Psychotherapy is an evidence-based practice that helps individuals suffering with life altering addictions. Psychotherapy works because it allows clients to be met where they are at with their wellbeing in mind.
Types of Addictions
There are two main types of addictions including drug addictions and behavioral addictions. Each of these alter parts of your brain that affect the reward system. Examples of drug addictions include opioids, alcohol, cocaine, prescription drugs, and more.
Behavioral addictions are things like food addiction, sex addiction, pornography addiction, pain seeking, and many others. These often may be considered as addictive behaviors, but many feel they do not fit criteria of addiction as recorded in the DSM 5.
Why are addictions dangerous?
Addictions are dangerous for many reasons. One main factor is the risk of death due to overdose of particular drugs. In cases where overdoes does not lead to death, it can lead to life altering changes of the brain and of the physical body. Those who suffer from addiction are more susceptible to issues with memory, decision making, and bodily behaviors. These changes may be permanent if not treated early enough. Behavioral addictions may cause severe social impairment leading to bankruptcy, criminal charges, and may affect a person’s ability to make rational decisions. Psychological effects may also occur due to long-term drug abuse.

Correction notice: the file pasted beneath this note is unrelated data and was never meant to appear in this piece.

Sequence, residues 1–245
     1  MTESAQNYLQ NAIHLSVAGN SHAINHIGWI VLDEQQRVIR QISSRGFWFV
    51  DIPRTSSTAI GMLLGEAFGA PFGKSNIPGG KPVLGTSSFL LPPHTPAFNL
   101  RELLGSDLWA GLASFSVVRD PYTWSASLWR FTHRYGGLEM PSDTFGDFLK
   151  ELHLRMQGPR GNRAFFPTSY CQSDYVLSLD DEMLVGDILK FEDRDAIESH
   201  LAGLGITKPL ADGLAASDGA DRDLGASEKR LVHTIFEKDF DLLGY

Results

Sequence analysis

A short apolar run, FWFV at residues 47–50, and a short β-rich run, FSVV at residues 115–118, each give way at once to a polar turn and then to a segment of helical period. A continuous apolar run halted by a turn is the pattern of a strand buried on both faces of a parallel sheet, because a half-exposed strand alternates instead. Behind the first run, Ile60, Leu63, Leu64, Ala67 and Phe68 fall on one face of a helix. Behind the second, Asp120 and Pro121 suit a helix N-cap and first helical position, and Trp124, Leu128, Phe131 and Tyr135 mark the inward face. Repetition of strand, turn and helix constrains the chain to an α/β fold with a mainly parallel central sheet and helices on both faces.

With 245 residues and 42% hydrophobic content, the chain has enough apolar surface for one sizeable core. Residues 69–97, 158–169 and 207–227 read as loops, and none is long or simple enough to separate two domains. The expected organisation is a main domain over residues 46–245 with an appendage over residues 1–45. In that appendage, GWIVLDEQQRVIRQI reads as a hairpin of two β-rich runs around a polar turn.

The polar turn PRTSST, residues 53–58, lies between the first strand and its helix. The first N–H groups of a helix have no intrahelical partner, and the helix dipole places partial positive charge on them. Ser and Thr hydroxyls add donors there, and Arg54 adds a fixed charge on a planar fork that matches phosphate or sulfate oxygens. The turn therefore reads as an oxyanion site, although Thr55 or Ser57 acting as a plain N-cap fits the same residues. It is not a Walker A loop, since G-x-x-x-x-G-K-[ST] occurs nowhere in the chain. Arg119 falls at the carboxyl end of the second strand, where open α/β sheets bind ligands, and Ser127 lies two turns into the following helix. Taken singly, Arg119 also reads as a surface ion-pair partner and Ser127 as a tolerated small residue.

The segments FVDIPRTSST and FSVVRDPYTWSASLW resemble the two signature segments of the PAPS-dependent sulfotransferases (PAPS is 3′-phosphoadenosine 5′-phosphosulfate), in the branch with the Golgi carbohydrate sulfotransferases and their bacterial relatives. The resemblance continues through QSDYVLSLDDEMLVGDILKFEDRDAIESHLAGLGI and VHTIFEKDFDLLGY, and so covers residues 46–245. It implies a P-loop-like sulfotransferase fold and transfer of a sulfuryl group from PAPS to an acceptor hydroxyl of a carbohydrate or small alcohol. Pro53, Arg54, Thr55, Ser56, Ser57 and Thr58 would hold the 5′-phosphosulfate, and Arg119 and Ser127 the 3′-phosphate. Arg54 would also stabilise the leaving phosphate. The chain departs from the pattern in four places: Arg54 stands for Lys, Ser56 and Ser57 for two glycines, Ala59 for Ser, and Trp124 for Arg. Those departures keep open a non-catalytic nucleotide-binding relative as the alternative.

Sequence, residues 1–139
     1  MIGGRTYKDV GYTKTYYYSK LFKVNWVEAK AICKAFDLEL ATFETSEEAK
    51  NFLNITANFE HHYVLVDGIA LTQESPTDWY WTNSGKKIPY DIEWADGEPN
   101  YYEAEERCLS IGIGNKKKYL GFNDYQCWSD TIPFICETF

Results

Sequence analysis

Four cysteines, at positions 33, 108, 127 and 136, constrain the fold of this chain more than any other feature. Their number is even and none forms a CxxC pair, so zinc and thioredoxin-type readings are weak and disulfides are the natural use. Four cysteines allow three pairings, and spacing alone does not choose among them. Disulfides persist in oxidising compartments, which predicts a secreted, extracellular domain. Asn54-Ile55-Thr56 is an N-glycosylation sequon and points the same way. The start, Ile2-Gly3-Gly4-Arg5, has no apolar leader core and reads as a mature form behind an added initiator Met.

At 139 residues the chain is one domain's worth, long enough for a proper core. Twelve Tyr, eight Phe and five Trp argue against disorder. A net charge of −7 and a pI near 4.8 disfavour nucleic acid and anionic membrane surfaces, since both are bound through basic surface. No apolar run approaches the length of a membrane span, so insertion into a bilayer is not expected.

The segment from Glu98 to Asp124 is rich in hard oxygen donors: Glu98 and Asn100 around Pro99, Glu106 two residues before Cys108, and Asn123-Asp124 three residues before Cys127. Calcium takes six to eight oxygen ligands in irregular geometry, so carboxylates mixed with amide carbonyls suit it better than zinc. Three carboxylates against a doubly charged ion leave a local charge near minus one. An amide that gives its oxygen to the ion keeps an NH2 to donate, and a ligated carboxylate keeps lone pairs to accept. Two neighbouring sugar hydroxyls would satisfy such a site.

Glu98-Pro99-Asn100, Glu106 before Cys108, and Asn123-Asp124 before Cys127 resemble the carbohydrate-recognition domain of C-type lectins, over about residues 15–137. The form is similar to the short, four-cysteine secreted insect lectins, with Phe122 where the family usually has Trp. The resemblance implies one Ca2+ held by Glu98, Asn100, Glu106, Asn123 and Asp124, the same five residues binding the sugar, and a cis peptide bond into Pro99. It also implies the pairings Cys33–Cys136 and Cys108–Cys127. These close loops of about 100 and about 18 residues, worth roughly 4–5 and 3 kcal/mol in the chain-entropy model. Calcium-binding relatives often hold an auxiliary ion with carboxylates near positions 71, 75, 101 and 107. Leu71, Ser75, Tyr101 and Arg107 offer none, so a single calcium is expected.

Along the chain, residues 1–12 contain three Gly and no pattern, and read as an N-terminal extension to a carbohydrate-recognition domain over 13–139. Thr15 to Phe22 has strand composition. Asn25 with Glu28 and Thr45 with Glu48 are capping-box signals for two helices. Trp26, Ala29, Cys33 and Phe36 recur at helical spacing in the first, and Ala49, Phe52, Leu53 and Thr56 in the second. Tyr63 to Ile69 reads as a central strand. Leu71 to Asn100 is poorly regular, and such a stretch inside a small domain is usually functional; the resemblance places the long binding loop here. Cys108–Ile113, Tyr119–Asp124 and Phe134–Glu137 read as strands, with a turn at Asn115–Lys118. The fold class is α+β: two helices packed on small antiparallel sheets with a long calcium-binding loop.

How do they affect the quality and longevity of life?
There are several factors that impact the quality and longevity of life if someone suffers from an addiction. An individual with an addiction may have impaired self-control. Even if they believe and want to stop using a drug or completing a behavior, it may be impossible for them to stop. It is a habit their body and brain has become accustomed to using as a way of coping.
Social impairments may also occur when an addiction may take precedent over work, school, or familial responsibilities leading to loss of jobs, opportunities, and unhealthy relationships.
An individual may also find themselves using these addictive behaviors or substances in a risky way. People already may be in a negative space or relationship with work, school, or family and their continual abuse of their addiction may feed worse negative consequences financially, socially, medically, and vocationally.